The beauty of bread-making is that the baker has free time between stages. The down side is that one needs to be home to get the timing right, perfect for a cold snowy day when weather gurus have said “Stay home!”  Before long, the timer went off and the bread was ready for the oven. Aromas filling the house turned to yeast and warmth and all kinds of delicious. How else does one describe freshly baked bread? Not able to resist, I sampled the treasure while still warm. It was just right!

Dusk came, the meteorologists warned of freezing slush and slippery roads, and evening cancellations scrolled across the screen. My soup and bread supper was  delightful!  The day had been somehow festive—watching the outdoor world from a warm perch inside, doing things I love to do, creating something useful and nourishing—and I was grateful.

In case you’d like to bake bread during the next Nor’easter, I share my recipe here. It comes from my grandmother’s kitchen, where she often served it with butter and fig preserves. The bread is best warm from the oven or toasted.

1 pkg yeast dissolved with 1 tsp sugar in 1/2 cup of warm (not hot) water – Let this sit for a few minutes while you complete the next step

Place in bowl: 1 cup quick oats, 2 Tbsp sugar, 2 Tbsp soft butter, 1 scant Tbsp salt

Pour over the above 2 cups hot water. Mix with electric mixer and let cool until warm. Add yeast mixture. Add 1 cup whole wheat flour and then enough white flour to make a firm dough, 3 to 4 cups. (not too sticky but soft)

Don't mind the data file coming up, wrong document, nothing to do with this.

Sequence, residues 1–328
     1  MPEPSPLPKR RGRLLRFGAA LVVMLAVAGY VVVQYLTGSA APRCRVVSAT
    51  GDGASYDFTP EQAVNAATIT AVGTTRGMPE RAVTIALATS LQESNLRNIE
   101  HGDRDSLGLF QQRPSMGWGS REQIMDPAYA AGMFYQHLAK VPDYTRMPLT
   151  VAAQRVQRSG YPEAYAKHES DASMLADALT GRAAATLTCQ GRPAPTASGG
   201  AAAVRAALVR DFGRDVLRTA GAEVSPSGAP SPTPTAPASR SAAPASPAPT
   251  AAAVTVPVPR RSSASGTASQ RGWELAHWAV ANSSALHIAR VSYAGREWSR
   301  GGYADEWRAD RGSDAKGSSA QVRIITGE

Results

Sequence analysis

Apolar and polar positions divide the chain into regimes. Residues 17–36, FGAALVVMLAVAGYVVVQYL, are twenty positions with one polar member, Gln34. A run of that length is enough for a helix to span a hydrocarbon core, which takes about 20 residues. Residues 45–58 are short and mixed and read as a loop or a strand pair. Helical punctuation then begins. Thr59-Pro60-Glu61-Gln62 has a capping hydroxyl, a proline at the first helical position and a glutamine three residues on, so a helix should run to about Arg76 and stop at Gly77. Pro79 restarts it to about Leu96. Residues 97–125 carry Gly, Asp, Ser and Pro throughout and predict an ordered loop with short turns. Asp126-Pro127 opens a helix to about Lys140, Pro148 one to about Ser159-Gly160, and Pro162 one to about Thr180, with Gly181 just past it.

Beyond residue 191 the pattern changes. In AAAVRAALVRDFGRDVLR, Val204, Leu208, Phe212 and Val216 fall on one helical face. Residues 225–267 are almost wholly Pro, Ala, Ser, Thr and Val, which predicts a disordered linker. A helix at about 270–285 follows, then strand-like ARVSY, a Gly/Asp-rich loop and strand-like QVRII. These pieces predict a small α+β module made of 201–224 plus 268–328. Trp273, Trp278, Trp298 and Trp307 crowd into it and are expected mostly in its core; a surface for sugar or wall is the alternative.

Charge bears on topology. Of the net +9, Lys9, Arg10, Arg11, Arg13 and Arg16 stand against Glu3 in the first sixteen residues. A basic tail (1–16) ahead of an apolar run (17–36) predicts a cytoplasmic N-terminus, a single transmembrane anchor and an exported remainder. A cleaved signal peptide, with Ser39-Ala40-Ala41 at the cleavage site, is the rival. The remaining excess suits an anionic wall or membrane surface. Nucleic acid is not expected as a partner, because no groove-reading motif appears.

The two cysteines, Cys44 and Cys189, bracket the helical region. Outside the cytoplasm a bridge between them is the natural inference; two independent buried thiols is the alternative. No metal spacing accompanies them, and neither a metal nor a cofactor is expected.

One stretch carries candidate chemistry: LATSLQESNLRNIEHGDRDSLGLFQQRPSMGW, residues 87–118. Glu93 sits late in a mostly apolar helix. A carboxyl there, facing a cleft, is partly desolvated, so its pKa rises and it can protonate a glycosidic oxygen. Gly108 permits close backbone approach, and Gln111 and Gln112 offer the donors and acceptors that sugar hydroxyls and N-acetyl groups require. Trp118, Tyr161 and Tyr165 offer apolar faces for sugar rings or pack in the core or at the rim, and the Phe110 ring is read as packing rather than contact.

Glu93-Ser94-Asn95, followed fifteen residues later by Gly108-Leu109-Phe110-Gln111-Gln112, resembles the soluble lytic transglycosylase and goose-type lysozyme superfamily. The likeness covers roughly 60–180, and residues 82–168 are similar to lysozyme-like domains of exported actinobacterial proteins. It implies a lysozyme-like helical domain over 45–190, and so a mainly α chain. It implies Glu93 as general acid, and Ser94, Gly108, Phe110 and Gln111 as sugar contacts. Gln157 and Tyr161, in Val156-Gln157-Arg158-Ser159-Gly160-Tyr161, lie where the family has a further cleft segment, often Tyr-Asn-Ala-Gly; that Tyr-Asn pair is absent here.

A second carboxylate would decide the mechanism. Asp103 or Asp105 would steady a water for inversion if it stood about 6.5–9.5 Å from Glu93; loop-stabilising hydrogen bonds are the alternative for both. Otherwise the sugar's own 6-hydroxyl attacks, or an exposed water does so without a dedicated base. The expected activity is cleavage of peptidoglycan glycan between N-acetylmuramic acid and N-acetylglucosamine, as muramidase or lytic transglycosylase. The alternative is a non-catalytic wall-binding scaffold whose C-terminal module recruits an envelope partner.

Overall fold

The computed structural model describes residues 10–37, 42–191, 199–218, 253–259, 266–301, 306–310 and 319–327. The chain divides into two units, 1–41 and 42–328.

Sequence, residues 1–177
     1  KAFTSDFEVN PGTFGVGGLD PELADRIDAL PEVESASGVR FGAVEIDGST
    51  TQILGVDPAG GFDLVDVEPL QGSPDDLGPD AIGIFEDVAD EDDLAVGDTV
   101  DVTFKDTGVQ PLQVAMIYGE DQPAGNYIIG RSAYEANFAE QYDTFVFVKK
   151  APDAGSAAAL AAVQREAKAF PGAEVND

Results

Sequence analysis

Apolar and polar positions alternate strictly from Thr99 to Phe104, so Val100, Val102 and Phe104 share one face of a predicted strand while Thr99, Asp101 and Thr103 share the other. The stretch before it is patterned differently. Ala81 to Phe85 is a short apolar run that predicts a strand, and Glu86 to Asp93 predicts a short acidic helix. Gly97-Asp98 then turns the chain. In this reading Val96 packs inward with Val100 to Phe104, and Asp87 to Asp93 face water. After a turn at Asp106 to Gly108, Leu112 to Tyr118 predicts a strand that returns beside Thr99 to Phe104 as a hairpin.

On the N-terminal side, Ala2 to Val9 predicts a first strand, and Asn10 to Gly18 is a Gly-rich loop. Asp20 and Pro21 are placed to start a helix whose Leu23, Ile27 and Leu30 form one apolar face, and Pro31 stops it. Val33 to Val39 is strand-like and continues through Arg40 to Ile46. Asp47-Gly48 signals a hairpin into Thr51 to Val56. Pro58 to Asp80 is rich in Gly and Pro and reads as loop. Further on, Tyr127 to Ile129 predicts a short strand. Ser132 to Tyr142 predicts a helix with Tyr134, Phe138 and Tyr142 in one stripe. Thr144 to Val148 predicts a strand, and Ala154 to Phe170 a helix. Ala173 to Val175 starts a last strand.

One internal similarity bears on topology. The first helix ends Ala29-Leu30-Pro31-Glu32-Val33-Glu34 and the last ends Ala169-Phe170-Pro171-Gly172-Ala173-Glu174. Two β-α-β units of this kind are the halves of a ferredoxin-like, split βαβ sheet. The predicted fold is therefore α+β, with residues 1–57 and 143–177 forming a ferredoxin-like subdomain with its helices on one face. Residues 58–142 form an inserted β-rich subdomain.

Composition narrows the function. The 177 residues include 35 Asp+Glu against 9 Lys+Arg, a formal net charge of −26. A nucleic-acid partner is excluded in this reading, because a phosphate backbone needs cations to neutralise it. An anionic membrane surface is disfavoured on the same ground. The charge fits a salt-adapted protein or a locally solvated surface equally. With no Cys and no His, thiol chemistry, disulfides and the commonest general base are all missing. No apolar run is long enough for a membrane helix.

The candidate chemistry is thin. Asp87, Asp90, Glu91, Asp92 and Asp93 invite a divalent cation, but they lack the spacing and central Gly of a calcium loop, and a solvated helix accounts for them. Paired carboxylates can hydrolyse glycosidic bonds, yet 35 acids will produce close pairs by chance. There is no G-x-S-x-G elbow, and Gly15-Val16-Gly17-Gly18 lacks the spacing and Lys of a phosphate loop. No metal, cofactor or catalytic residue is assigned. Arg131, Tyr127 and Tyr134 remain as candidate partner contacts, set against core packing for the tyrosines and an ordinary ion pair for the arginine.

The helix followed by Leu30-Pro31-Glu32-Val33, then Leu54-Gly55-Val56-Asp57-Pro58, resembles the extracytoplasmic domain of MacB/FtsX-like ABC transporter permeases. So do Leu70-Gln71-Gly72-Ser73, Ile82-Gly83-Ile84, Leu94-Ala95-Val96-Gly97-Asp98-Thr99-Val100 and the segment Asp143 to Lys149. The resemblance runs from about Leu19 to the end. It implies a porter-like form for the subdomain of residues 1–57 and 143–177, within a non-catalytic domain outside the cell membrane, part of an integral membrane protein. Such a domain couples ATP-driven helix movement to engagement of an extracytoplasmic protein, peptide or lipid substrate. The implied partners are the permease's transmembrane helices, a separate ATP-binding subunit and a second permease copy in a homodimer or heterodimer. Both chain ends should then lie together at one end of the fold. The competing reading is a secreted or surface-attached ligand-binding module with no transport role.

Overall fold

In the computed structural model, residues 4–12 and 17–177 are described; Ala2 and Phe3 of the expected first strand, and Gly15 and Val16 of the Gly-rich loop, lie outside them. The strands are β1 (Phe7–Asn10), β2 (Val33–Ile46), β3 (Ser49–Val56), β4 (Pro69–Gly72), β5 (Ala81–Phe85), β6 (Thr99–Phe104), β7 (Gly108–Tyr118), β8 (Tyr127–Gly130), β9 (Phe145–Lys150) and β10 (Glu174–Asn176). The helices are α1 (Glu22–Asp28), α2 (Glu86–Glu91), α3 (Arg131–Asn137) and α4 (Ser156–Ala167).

Let dough rise in warm place covered with a damp clean cloth until double in size. Knead, form, and place in buttered pans or onto baking sheet. Let rise again until double and bake, starting in 450 oven for 10 minutes and then 350 oven for about 30 minutes. I test bread for doneness by tapping. If it sounds hollow and crust is nicely browned it’s ready to remove from oven, cool a few minutes, and turn onto a rack. Enjoy!!!

It has been a week…..

…..and I am thankful. Thankful that Election 2016 is behind us. For months we were bombarded with negative rhetoric and ugly visual ads. Facebook throbbed with new posts, one more outrageous than the last. Terms such as crook and misogyny became part of everyday vocabulary in reference to our soon-to-be chosen president. The focus was on criticism rather then optimism, negative findings of the past rather than creative ideas for the future, exclusion rather than inclusion. I don’t know about you, but I was sad about the whole process.